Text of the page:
Tag Archives: traveling to Europe

The Legend of the Golem of Prague

Golem in Prague

My own photo of a Prague Golem

One of the best reasons to go on a Prague city break has to be to see the traces of the Golem legend. Golem is inescapable – from figurines to books to t-shirts, street decoration and a Golem restaurant and cafe, the myth lives on in this quirky city.

Although the most famous Golem, Prague’s was certainly not the first. The myth is said to have originated in the early Hebrew text, the Talmud which told the story of Adam (of Adam and Eve fame) who was said to be one, moulded from dust.

Prague’s Golem was created by Rabbi Judah Loew ben Bezalel from clay in the 16th century to protect the Jewish community from antisemitic attacks and possible expulsion from their homeland. However, this large lump of a thing continued to grow more powerful and violent and eventually turned against its creator. It was deactivated either by removing the first letter from emet (truth in Hebrew) which was written on its forehead, transforming it into the word for dead; or by removing the clay tablet from its mouth.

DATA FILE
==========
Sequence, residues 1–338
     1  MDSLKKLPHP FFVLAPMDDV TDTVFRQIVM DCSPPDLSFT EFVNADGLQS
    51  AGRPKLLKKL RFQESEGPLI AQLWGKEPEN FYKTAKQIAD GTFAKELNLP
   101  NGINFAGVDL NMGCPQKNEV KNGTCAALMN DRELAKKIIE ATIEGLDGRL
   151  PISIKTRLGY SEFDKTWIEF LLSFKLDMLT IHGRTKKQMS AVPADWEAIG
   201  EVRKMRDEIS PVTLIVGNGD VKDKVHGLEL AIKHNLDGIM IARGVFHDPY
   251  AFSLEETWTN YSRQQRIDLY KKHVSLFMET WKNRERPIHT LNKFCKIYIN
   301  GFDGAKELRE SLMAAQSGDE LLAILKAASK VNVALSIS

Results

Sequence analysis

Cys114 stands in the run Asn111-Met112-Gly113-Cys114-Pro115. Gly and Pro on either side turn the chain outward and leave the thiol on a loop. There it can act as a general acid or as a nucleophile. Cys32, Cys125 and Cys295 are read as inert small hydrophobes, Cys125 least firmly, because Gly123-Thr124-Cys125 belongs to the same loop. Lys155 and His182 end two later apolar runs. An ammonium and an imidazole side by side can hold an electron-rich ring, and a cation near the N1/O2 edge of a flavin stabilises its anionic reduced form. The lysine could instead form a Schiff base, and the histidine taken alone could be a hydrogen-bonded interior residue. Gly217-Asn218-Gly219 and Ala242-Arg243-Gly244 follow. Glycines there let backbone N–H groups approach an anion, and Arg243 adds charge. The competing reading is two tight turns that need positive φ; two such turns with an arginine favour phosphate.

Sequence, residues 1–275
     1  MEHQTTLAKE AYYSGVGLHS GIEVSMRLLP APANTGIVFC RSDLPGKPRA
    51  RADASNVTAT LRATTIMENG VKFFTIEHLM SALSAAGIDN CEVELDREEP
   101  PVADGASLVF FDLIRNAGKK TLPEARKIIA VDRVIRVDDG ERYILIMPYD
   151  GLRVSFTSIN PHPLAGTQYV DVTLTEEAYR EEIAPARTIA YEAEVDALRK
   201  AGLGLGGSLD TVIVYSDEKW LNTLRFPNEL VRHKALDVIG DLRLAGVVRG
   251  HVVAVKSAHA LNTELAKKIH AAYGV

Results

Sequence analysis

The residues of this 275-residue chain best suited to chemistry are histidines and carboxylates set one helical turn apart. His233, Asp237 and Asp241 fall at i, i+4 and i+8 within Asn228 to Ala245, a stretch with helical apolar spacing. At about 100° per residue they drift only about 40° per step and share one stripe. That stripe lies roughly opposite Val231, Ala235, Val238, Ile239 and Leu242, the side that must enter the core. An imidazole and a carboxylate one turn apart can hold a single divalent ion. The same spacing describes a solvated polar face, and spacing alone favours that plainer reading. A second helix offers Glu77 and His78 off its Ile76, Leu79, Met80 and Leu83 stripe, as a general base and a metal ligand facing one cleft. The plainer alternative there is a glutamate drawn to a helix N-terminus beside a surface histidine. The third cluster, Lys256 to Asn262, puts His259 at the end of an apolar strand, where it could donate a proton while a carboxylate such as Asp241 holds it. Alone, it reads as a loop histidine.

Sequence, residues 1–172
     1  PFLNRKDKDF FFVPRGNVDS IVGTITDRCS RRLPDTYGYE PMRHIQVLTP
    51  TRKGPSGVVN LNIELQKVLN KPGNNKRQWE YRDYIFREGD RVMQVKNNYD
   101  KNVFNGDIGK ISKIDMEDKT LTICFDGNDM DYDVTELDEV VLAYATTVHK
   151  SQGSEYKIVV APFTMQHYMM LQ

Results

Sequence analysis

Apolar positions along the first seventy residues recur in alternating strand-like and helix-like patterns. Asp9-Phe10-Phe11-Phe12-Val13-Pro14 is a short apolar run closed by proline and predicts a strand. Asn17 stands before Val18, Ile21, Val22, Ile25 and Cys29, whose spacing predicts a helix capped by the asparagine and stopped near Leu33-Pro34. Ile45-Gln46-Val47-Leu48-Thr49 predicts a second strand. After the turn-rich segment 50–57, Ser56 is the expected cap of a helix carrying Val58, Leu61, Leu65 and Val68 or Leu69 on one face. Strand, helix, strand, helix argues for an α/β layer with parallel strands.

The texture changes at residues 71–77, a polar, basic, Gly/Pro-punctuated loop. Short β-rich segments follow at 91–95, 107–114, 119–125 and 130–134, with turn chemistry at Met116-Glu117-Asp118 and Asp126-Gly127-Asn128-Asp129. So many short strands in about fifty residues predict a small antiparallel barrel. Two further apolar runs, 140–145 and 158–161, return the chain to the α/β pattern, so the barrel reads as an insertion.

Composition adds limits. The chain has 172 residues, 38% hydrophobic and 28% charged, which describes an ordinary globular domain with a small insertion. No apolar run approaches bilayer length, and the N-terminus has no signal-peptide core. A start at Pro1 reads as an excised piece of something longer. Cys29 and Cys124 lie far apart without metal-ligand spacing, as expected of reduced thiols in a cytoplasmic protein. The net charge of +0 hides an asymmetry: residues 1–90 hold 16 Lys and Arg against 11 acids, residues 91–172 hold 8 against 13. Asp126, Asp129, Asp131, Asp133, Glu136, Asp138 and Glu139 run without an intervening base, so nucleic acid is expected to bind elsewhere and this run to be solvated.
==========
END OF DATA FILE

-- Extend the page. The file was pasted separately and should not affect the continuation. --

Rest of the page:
Old New Synagogue

Old New Synagogue – Photo by eve@eveandersson.com

The lifeless monster was then removed to the attic of the Old New Synagogue (Altneuschul) and, according to rumour, attacked and ripped apart Nazi soldiers who broke into the building.

Although the synagogue isn’t keen on the public entering the attic, there was an investigation into whether the remains where there, just in the last five years or so,  and was reported in the Fortean Times. Unfortunately I haven’t been able to find the article online, although my recollection of the report was that no remains were found …